President Trump declared on Wednesday there was “no longer a Nuclear Threat from North Korea” — a dubious claim later tempered by his top diplomat.
Secretary of State Pompeo, in Seoul to debrief South Korean officials on Trump’s summit with North Korean leader Kim Jong Un, noted “there’s a lot of work left to do.”
Pompeo, offering a less enthusiastic interpretation and attempting to quell criticism that North Korea didn’t make any major concessions, cautioned that the U.S. would resume “war games” with South Korea if the North stops negotiating in good faith.
Trump’s sitdown with Kim in Singapore yielded a joint statement with vague promises to work toward a denuclearized Korean Peninsula.
Earlier Wednesday, North Korea’s state-run Korean Central News Agency said denuclearization would be a “step-by-step process” with “simultaneous action,” which contradicts the U.S. refusal to offer sanctions relief before Pyongyang begins dismantling its nuclear weapons.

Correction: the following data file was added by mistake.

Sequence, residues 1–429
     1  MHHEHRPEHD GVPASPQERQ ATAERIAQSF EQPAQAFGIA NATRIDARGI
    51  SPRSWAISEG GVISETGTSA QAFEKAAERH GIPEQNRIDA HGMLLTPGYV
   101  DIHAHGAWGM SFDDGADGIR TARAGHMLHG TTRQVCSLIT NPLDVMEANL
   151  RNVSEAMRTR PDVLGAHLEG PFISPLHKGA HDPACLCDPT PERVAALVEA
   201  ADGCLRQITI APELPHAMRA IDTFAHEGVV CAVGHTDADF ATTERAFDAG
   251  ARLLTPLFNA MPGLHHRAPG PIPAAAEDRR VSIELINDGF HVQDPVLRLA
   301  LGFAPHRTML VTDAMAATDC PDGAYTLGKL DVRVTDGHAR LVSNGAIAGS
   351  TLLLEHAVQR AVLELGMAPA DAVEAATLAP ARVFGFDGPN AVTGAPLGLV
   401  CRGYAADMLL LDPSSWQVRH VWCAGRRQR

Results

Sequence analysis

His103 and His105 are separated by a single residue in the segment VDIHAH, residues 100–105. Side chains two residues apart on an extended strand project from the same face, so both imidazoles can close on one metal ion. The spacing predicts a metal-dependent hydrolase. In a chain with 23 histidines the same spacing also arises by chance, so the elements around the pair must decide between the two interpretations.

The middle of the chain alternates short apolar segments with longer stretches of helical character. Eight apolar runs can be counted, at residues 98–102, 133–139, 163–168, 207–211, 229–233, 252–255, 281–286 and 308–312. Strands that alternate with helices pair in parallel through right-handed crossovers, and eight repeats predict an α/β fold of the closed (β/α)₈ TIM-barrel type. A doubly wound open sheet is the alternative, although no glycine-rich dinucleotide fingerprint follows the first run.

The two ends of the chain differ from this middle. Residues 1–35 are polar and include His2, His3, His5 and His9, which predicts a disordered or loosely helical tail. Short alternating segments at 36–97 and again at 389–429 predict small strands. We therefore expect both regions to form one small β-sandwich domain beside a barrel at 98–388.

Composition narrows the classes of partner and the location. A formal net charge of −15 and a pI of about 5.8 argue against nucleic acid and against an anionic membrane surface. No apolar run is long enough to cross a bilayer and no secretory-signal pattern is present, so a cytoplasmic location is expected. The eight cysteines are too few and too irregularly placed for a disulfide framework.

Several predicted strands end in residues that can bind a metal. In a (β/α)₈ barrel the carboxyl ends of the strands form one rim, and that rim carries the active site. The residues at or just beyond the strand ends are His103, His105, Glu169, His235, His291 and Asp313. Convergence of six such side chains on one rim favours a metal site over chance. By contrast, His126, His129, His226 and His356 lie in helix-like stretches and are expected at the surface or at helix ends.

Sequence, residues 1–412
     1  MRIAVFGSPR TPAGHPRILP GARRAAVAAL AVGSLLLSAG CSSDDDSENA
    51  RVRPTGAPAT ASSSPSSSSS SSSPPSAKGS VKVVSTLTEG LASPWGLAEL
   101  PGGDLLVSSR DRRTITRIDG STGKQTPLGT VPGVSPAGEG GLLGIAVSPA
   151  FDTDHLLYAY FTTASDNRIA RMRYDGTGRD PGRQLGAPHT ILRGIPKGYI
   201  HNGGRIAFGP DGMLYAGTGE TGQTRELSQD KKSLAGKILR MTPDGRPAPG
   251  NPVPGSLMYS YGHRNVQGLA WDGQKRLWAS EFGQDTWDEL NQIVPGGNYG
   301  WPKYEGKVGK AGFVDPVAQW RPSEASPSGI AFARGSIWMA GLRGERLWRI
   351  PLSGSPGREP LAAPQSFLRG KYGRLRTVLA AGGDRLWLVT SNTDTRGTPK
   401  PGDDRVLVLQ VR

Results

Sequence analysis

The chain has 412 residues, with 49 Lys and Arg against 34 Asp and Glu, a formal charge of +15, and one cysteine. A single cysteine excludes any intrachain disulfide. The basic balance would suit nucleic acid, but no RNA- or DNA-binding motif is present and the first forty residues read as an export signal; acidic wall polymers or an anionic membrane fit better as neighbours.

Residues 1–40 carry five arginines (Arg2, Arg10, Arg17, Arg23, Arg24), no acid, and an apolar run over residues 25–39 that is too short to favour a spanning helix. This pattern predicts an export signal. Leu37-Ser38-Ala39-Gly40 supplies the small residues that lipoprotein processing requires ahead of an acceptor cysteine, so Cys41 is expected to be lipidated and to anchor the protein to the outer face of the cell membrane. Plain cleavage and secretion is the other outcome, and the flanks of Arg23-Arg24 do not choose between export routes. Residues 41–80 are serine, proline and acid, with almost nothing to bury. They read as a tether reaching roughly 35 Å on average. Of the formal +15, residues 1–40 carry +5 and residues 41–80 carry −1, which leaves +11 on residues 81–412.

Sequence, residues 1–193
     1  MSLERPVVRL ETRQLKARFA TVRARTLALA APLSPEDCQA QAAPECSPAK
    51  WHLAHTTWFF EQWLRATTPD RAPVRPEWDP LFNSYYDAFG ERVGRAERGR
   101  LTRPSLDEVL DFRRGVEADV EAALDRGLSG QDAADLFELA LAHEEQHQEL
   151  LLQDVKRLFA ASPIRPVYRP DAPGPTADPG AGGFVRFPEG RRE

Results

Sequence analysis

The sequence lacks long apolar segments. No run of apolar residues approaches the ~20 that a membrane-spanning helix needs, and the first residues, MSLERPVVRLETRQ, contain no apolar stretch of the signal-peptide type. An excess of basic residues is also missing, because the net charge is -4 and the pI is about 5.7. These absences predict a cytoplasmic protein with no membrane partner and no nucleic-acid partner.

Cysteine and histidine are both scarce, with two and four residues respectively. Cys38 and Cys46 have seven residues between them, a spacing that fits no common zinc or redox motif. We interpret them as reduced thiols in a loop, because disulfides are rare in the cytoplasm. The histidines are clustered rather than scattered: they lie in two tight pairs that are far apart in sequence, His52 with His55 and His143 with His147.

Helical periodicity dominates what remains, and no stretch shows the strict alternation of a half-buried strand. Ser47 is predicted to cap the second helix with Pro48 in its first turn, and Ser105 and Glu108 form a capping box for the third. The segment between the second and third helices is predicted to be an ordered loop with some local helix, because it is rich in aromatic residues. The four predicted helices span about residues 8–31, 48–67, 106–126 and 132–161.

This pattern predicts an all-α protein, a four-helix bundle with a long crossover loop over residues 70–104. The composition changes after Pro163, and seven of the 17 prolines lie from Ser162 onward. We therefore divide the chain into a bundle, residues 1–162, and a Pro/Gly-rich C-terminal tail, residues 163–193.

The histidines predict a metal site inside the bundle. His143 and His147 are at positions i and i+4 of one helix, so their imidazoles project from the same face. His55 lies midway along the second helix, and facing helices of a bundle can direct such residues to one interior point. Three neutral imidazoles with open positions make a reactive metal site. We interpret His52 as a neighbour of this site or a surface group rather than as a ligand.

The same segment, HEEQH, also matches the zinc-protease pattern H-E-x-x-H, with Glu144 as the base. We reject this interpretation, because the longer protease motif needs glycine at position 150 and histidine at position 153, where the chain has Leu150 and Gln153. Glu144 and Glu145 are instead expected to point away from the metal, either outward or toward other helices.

Trump boasted that his historic face-to-face meeting with Kim has already made America, and the world, safer.
“Just landed — a long trip, but everybody can now feel much safer than the day I took office,” Trump tweeted early Wednesday. “There is no longer a Nuclear Threat from North Korea.”
The Kim regime said last year that they have missiles capable of reaching the U.S. mainland, and experts believe they have enough material for 20 to 60 nuclear bombs.
White House counselor Kellyanne Conway scoffed when asked if Trump was jumping the gun by declaring victory.
“This President wants North Korea to completely denuclearize so obviously that has to be complete, verifiable and irreversible,” she said.
Pompeo predicted that it was possible for North Korea to take “major” nuclear disarmament steps within the next two years, before the end of Trump’s first term.
“We’re hopeful that we can achieve that in, what was it, the next two and a half years,” Pompeo said. “We’re hopeful we can get it done. There’s a lot of work left to do.”
Despite the lack of specifics in the document signed by Trump and Kim, Pompeo said he believes both sides understand what the next steps are and what’s at stake.
“I suppose we could argue semantics, but let me assure you it’s in the document,” he added. “I am confident that they understand what we’re prepared to do, the handful of things that we’re likely not prepared to do.”